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    • "Where one problem with the observational literature is that only a limited number of variables are controlled for, another reason for the ambiguity in the literature could be attributed to the division of the intake groups. The abstaining group is most often not subdivided on the basis of pre-pregnancy abstinence (Sayal, 2007; Kelly et al., 2009; Rodriguez et al., 2009; Sayal et al., 2013). However, one thorough study did report that the socio-economic profile of mothers in the pregnancyabstaining group was more advantaged than the all-time abstaining group (Kelly et al., 2012). "
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    ABSTRACT: Studies investigating associations between prenatal exposure to low-moderate doses of alcohol and mental health development in childhood are inconsistent. The aim of the present study was to compare women who drink and who do not drink alcohol in pregnancy on a number of potential confounding variables, and to investigate whether any latent variables could be identified among these. Data were obtained from the Danish National Birth Cohort. Exposure: cumulated alcohol intake in full pregnancy (n = 63,464). The women were subdivided into intake groups 0, >0-10, >10-30, >30-90 and >90 units of alcohol in full pregnancy. Hereafter, the abstainers were subdivided into an all-time and a pregnancy-abstaining group, and the high intakers (>90) were subdivided into a high (>90-180) and a very high (>180) intake group. Outcome: self-reported and register-based information on socio-demographic and lifestyle factors, and latent variables from an exploratory factor analysis. Significant differences were observed between the intake groups on virtually all parameters. Significant differences were observed between the abstaining groups and the high-intake groups. The exploratory factor analyses identified a number of latent variables between the potential confounding variables. Differences on confounding factors may in part explain the lack of consistency in the literature investigating prenatal exposure to low-moderate doses of alcohol and mental health development. It is cautiously concluded that the failure to control for these factors introduces residual and/or unmeasured confounding into the analyses, and thus masks the potential (small) effect of being exposed to low doses of alcohol in pregnancy. It is recommended that future studies control for factor scores rather than for the observed variables as is practice today.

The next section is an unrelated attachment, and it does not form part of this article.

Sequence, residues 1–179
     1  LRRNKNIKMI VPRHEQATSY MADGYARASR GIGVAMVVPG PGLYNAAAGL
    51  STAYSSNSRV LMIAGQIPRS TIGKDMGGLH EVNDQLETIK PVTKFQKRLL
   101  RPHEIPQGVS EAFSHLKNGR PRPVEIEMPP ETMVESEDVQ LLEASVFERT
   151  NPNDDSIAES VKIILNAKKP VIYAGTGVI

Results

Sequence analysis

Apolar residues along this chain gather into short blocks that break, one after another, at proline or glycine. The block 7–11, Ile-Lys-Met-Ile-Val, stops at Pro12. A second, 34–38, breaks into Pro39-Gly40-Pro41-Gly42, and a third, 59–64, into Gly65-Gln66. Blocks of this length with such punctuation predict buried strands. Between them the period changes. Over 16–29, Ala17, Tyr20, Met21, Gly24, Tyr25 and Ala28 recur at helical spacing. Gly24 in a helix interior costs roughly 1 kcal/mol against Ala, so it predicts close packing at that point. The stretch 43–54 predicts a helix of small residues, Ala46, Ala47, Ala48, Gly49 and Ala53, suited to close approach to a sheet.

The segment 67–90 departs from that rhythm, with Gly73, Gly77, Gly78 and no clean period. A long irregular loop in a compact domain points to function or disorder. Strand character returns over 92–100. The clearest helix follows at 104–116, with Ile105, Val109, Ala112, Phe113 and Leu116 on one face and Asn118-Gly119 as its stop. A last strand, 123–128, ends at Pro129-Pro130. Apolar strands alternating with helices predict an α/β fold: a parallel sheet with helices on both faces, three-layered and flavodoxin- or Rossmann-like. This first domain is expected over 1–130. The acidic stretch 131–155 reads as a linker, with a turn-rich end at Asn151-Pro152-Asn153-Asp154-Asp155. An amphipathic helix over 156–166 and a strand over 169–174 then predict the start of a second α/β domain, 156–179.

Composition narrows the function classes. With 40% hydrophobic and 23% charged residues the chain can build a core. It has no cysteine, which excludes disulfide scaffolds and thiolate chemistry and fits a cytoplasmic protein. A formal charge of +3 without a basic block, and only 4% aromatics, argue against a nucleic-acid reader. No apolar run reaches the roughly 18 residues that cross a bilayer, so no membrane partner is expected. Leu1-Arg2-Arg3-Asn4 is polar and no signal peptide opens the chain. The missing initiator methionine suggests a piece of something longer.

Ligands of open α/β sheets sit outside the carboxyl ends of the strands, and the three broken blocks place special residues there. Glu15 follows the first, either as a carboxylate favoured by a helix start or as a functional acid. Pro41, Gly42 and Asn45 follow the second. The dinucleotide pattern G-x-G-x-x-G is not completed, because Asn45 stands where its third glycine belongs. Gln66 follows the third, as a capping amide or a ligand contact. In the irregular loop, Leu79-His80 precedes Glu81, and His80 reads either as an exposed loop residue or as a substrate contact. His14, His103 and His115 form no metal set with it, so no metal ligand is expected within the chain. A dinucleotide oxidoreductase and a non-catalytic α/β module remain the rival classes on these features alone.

Alcohol and Alcoholism 10/2013; 49(3). DOI:10.1093/alcalc/agt141 · 2.89 Impact Factor
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    ABSTRACT: The impact of low-to-moderate levels of alcohol consumption during pregnancy on child cognitive outcomes has been of recent concern. This study has tested the hypothesis that low-to-moderate maternal alcohol use in pregnancy is associated with lower school test scores at age 11 in the offspring via intrauterine mechanisms. We used data from the Avon Longitudinal Study of Parents and Children (ALSPAC), a birth cohort study based in the South West of England. Analyses were conducted on 7062 participants who had complete data on: maternal and paternal patterns of alcohol use in the first trimester and at 18 weeks' gestation, child's academic outcomes measured at age 11, gender, maternal age, parity, marital status, ethnicity, household crowding, home ownership status and parental education. We contrasted the association of mother's alcohol consumption during pregnancy with child's National Curriculum Key Stage 2 (KS2) test scores with the association for father's alcohol consumption (during the time the mother was pregnant) with child's National Curriculum Key Stage 2 (KS2) test scores. We used multivariate linear regression to estimate mean differences and 95% confidence intervals [CI] in KS2 scores across the exposure categories and computed f statistics to compare maternal and paternal associations. Drinking up to 1 unit of alcohol a day during pregnancy was not associated with lower test scores. However, frequent prenatal consumption of 4 units (equivalent to 32 grams of alcohol) on each single drinking occasion was associated with reduced educational attainment [Mean change in offspring KS2 score was -0.68 (-1.03, -0.33) for maternal alcohol categories compared to 0.27 (0.07, 0.46) for paternal alcohol categories]. Frequent consumption of 4 units of alcohol during pregnancy may adversely affect childhood academic outcomes via intrauterine mechanisms.
    PLoS ONE 10/2013; 8(10):e74844. DOI:10.1371/journal.pone.0074844 · 3.23 Impact Factor